The environmental debate these days can be a frustrating thing. I for the most part side with environmentalists, and think that the perfect city is one in which you can walk or bike anywhere worth going and shop at the farmers market. I was in D.C. during the rally against Keystone but just couldn’t motivate myself to go. Not because I think Keystone is a good idea, but because I hate the way a lot of talk about Keystone and the oil sands.
Today I stumbled upon a quote about minister of natural resource Joe Oliver that I think makes a very good point:
Oliver countered that when a source of energy represents 1/1000th of global emissions, “to say it’s the end of the planet if that’s developed is nonsense.”
He added that “crying wolf all the time” does not advance the serious debate.
This is not to say that the oil sands are fantastic just that it is a little ridiculous when people are incredulous about the oil sands but not coal powered plants or any of the things that contribute to the other 999/1000 of emissions. Call it what it is and then maybe you can have a real conversation. Besides that is only if you develop the entire oil sands, which to everyone’s surprise have been in production since the ’70s.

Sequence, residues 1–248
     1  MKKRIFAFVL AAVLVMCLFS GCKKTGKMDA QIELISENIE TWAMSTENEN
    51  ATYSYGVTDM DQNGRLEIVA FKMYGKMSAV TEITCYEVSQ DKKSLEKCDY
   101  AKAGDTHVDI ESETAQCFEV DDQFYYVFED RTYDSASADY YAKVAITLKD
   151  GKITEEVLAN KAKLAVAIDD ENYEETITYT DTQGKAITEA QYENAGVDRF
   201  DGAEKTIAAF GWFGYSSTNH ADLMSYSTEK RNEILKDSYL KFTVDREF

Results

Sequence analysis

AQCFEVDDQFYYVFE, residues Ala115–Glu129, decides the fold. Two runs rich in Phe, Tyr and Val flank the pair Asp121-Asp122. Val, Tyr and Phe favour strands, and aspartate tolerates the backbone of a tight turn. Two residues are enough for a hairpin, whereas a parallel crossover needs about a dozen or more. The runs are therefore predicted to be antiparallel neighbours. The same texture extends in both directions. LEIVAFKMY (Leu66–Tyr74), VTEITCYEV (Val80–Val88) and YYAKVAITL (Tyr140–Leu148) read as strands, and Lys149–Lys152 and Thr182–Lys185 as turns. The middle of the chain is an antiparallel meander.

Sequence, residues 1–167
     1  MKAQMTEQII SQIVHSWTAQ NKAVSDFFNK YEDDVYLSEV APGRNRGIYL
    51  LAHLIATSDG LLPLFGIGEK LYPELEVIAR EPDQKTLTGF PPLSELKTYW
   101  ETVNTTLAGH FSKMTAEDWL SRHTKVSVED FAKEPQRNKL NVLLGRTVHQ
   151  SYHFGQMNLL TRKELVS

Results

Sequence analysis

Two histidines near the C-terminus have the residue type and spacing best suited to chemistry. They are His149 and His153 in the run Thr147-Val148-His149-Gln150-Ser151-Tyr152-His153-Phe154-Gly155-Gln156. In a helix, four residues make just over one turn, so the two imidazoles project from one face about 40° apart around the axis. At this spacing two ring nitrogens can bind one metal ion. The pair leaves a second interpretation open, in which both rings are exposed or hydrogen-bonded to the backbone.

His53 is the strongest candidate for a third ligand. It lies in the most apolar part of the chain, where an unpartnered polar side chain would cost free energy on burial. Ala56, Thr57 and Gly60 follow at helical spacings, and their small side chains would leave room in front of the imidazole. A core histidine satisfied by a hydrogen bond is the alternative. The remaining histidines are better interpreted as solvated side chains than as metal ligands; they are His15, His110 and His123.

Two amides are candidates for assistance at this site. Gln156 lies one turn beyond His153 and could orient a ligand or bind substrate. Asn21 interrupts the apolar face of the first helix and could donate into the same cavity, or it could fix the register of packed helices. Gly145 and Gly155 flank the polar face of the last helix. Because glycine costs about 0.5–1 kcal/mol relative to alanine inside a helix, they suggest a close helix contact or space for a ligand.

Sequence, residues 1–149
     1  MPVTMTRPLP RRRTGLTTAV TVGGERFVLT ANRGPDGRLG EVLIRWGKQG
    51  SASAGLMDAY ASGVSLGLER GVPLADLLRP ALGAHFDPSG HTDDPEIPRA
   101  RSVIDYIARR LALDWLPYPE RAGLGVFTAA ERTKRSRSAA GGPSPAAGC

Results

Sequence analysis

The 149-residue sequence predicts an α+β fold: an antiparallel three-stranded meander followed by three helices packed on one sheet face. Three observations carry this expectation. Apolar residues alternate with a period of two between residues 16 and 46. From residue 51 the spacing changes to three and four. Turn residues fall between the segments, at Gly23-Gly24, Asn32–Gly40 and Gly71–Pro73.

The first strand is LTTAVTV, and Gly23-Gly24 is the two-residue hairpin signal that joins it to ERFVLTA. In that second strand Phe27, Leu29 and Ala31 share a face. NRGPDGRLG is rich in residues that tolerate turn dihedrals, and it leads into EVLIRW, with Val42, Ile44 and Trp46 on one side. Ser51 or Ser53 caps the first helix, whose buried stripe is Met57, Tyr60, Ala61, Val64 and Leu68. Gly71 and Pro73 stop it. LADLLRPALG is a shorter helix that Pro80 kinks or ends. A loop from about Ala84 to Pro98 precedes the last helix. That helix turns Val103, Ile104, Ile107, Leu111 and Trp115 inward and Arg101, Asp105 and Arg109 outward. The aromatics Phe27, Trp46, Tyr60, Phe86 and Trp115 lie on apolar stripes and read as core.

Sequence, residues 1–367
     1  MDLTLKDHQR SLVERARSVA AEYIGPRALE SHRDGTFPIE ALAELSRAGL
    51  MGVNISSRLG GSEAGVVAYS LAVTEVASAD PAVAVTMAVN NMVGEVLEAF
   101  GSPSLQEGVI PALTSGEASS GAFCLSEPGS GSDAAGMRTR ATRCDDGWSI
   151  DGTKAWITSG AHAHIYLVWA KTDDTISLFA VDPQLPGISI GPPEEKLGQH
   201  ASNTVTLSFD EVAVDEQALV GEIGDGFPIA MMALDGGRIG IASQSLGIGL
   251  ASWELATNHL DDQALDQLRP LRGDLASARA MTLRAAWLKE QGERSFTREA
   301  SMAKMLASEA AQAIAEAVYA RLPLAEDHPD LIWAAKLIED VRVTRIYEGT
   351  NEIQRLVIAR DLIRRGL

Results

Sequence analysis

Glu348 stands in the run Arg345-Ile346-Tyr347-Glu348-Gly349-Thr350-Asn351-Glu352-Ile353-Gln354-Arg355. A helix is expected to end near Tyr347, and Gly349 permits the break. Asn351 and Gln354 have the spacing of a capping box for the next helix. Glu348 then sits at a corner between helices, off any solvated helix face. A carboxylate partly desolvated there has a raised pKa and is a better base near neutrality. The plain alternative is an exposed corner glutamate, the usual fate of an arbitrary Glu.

Or as Kelly McParland put it after the Arkansas spill:
Keystone XL fans, it was nice while it lasted. Making fun of the C-list celebrities who chained themselves to the White House gates; chortling at the inflated numbers claimed by anti-oilsands protest organizers (“The entire population of United States — except a few from Texas — marched on Washington Saturday in a united protest against Canada’s stinkin’ pipeline,” claimed 350.org founder Bill McKibben Thursday); marvelling at the number of pejoratives “activists” could cram into a single reference to Alberta (“We don’t need Alberta’s dirty foreigner tarsands fish-killing high-pollution oil!”).
There has got to be a better way to talk about these issues. We should be realistic, and honest. We should avoid calling other do-do heads. Then maybe we will be able to start having a hard look at our society, the energy we rely on and what changes need to be made.